When your daily activities are in concert with your highest priorities, you have a credible claim to inner peace. – Hyrum Smith


Slippery little devil

I gave Caleb a bath today.  Not an unusual occurrence.  In fact, quite the opposite.  I can't tell you how many baths I have given little babies over the last 7 years.  Too many to count!

I sat perched on the edge of the toilet, Caleb on my lap, and turned on the bath water.  As the tub filled, I slipped his onesie over his head and his diaper off his bottom.  Plop, into his bath seat he went.  A quick scrub, some shampoo, rinse, conditioner, and out again.  As I toweled him off in my lap, I shook my head at the ease of it all.  Second nature.

Then tears sprung to my eyes.  Because it won't be second nature for long.  I can handle slippery little babies with ease, but this is a skill based upon repetition.  My confidence is a direct result of experience, and lots of it.  But I doubt it's like riding a bike.  I may not forget how to bathe an infant, but I will never be as adept at it as I am now.  And this makes me incredibly sad.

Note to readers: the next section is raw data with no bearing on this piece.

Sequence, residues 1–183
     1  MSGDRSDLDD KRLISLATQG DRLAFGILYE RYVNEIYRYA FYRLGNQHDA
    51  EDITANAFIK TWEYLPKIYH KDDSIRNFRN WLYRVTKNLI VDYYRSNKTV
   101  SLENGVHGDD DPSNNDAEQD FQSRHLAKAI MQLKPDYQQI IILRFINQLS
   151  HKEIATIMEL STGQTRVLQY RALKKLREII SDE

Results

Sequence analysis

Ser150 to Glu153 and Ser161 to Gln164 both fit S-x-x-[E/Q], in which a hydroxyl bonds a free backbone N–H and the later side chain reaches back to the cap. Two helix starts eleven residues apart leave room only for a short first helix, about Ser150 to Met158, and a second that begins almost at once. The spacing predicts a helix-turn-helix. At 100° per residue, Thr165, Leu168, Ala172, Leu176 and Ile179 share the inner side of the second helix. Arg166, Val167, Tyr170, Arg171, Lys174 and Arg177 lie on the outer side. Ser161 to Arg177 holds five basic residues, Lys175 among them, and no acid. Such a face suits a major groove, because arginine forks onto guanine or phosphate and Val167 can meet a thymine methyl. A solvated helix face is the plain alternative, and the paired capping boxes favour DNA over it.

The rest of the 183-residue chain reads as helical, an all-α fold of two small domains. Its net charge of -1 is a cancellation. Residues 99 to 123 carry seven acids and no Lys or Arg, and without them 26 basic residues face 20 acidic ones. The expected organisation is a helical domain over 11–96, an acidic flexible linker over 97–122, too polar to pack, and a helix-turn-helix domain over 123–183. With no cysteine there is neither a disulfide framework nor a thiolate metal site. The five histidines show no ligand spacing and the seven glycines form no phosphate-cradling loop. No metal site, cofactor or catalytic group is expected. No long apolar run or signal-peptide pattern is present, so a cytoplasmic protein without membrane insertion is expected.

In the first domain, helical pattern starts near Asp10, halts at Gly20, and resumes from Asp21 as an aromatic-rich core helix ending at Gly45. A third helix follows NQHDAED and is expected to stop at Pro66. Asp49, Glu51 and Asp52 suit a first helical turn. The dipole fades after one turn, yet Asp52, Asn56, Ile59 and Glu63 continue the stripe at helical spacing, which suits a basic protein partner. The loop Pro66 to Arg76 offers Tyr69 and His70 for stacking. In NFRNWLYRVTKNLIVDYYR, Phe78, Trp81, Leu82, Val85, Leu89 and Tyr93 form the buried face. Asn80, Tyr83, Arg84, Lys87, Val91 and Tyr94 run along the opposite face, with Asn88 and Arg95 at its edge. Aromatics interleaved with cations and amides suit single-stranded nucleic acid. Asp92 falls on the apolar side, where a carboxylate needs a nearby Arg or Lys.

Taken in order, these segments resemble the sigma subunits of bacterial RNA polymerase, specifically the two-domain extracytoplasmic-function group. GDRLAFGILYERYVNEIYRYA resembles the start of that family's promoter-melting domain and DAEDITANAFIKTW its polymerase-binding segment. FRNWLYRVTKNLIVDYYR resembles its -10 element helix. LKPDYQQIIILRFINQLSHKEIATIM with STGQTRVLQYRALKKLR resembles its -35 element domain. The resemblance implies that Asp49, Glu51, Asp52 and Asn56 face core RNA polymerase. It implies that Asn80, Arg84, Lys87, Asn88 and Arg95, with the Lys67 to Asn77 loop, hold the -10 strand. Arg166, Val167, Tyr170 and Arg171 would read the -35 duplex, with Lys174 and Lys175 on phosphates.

I remembered how very nervous I was to give Parker his first bath.  It was torture trying to get him out of his little gown.  I agonized over the water temperature and was certain he would catch a cold because I couldn't dry him quickly enough.  I remember humbly accepting grandparents' help.  Even then I hovered...What if he slipped from their grip?  What if soap got in his eyes?  Did they really remember how to do this?

I snapped back into the moment.  A darling, slippery little devil bouncing on my knee.  And I realized that this routine I had repeated oh so many times, was not as mundane as it had seemed yesterday.  It was in fact, fleeting…precious.

Swallowing hard, I let the water out of the tub.  I nuzzled Caleb's neck, as only his momma can, and dried his cotton candy hair.  I thanked God for the moment, reserved only for parent and child.  For a momma and her last baby.

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